First, it was the coronavirus pandemic, then the semiconductor shortage. Now, Nissan is wrestling with a surge in the prices of precious metals that threatens to derail the global car industry’s rebound from Covid-19.
The steep rise in the prices of metals such as rhodium and palladium, which are critical components in catalytic converters for petrol and hybrid vehicles, is expected to cost the global industry $48bn this year, Citigroup estimates. That compares with $18bn in 2019, which squeezed industry cash flows 15 per cent.
“[In addition to the coronavirus crisis and the global chip shortage,] the third risk which is coming in front of us is raw materials, especially the precious metals,” Ashwani Gupta, Nissan’s chief operating officer, said in an interview. “That’s a key point for us as to how we are going to manage that.”
The increase in raw material costs comes at a critical phase in the Japanese carmaker’s turnround plan. Following three straight quarters of losses, job cuts and plant closures, Nissan unexpectedly managed to eke out an operating profit in the final three months of 2020.
But its profit margin, at 2.5 per cent, remains low at a time when the car industry is facing forced plant closures because of a global shortage of semiconductor components. On a full-year basis, Nissan expects a net loss of $5bn.
Following a multiyear bull run, the price of rhodium is roughly 38 times higher than five years ago, while palladium prices have quadrupled.
A global shift towards stringent standards on car emissions and air pollution, particularly in China and Europe, has driven up demand for the metals that go into making catalytic converters. The converters turn toxic emissions such as carbon monoxide and nitrogen oxide into carbon dioxide, water and nitrogen.
Gupta said the rising costs of metals could make electric vehicles more competitive than petrol and hybrid cars, since electric vehicles did not contain rhodium or palladium. “I think the increase in the raw material price is also an opportunity for us to pull ahead the tipping point from internal combustion engines to electrification,” he added.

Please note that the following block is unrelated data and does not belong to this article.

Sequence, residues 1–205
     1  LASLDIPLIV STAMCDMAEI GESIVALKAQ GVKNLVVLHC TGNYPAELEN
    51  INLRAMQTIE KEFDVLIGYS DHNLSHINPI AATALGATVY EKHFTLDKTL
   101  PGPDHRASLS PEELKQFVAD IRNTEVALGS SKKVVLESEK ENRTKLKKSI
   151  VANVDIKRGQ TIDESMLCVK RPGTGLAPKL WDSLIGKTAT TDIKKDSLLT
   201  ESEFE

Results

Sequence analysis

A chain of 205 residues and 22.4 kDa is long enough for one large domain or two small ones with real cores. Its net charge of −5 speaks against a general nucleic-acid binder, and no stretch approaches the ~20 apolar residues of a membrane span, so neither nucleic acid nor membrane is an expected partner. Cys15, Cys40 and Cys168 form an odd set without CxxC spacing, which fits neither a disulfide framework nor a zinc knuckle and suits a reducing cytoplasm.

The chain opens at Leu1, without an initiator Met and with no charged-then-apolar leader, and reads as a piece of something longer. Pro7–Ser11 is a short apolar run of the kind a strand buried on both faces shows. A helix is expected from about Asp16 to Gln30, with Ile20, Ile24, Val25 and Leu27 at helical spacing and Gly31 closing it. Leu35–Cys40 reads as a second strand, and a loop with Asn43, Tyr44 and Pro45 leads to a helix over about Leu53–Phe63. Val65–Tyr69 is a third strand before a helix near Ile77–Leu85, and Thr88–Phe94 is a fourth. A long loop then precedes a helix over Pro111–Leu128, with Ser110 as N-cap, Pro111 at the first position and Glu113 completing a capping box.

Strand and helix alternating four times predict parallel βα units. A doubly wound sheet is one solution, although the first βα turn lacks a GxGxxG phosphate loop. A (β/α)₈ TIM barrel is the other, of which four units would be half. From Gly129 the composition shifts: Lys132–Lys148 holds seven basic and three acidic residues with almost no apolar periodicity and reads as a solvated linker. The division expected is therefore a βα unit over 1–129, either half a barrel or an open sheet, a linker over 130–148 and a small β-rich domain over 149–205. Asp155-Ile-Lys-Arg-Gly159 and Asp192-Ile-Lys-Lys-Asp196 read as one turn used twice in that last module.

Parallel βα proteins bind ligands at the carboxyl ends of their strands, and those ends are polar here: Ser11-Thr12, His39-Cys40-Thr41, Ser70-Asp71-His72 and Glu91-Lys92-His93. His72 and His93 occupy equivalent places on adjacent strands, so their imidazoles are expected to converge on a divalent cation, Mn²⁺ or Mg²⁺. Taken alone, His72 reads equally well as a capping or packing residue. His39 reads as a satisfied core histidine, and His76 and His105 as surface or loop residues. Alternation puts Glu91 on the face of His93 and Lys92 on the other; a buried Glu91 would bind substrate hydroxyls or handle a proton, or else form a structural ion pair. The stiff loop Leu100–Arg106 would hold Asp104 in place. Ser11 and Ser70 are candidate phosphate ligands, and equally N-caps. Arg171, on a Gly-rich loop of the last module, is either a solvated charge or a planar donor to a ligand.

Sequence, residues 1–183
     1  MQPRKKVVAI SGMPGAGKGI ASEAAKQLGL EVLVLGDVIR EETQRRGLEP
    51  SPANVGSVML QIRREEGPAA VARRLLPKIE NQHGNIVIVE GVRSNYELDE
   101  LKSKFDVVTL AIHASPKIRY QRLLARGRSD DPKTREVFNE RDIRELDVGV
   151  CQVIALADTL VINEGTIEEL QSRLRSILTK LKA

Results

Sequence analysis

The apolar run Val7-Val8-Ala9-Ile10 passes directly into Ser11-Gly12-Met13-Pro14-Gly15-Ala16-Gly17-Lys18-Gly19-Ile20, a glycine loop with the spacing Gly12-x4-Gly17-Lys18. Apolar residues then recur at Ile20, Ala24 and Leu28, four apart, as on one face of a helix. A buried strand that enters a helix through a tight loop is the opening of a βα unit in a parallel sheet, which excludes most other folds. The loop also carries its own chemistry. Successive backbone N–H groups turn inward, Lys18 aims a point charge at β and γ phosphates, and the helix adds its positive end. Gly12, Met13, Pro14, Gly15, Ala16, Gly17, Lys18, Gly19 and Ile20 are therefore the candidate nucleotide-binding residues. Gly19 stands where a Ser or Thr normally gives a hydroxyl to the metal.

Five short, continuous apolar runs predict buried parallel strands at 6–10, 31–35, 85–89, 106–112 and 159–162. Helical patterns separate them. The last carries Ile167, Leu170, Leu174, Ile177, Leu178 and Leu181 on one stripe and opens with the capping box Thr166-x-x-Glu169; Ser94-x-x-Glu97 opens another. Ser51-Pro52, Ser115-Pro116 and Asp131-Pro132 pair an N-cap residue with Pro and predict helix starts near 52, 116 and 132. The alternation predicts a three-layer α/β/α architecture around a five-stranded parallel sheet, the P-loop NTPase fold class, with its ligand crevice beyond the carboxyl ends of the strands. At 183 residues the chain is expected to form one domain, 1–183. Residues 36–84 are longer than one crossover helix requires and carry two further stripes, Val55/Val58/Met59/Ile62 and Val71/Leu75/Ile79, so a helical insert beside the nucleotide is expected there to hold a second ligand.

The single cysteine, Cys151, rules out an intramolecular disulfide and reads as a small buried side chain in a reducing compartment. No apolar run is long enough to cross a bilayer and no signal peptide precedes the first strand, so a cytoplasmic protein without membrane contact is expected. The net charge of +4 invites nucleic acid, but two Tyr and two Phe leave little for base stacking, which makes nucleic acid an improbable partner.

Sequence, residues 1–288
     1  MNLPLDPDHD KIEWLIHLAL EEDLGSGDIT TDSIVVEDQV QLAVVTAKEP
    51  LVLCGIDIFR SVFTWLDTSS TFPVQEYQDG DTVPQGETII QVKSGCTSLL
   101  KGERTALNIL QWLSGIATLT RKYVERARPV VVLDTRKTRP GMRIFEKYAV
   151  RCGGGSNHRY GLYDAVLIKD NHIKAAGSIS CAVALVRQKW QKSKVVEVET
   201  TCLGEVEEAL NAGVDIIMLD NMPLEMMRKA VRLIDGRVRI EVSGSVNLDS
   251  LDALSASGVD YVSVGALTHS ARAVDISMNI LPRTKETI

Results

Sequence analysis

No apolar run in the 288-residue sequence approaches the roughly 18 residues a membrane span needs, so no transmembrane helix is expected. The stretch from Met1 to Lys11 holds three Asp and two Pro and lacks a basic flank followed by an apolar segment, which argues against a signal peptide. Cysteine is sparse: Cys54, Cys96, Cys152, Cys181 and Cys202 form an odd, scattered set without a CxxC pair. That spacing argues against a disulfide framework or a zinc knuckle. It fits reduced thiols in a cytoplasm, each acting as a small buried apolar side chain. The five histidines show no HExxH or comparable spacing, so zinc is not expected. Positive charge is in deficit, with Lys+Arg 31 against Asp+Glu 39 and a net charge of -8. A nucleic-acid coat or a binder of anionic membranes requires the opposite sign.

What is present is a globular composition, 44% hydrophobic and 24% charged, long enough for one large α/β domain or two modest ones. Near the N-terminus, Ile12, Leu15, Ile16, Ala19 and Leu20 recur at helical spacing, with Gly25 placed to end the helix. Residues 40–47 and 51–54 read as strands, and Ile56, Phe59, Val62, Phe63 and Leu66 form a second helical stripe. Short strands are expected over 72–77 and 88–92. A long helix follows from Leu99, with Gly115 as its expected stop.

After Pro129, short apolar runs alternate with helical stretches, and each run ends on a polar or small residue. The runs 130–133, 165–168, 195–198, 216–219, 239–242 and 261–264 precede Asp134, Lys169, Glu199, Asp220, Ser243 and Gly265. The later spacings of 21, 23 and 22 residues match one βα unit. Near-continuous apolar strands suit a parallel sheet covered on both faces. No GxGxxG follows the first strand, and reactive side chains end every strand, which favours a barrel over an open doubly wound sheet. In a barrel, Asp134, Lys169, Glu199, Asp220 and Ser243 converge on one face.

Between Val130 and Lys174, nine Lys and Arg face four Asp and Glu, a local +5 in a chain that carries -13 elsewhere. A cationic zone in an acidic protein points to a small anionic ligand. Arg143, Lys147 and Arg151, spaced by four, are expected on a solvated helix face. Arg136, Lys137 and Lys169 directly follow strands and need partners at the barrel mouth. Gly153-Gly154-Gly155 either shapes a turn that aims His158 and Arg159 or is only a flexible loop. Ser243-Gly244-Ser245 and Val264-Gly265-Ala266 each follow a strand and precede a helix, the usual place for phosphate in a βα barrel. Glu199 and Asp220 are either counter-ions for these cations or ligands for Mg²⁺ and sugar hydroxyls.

Nissan has said that all of its vehicles launched in Japan, the US and China would be either electric or hybrid by the “early 2030s”. The producer of the Leaf — one of the world’s best-selling electric vehicles in 2018 before Tesla displaced it — plans to launch the Ariya, an all-electric sport utility vehicle, later this year.
However, Citigroup analyst Arifumi Yoshida said the cost of precious metals alone was unlikely to accelerate the transition, because electric vehicles contain other materials such as copper and lithium, which are themselves becoming increasingly expensive.
How Nissan, which has an alliance with France’s Renault and Mitsubishi Motors, handles raw material costs will be critical for the group, which has sought to change its spending habits as it shifts from pursuing volume to quality of sales.
Gupta, who was put in charge of turnround efforts in late 2019, said changing the corporate mindset and instilling discipline had been a challenge.
As part of the transition, he sold all of Nissan’s corporate jets, a legacy of the Carlos Ghosn era; shut down the executive canteen to make space for employees who were relocated from rental offices that were closed to save costs; and banned non-essential use of colour printers.
“Changing from volume to value is not easy and it’s not done yet. It’s just the beginning,” Gupta said.
Shares in Nissan have risen more than 20 per cent over the past year on early signs of a recovery and a boost for stocks linked to electric vehicles.
But “investors are still sceptical whether the company can continue improving profit margins once the new vehicle launches run their course”, Yoshida said.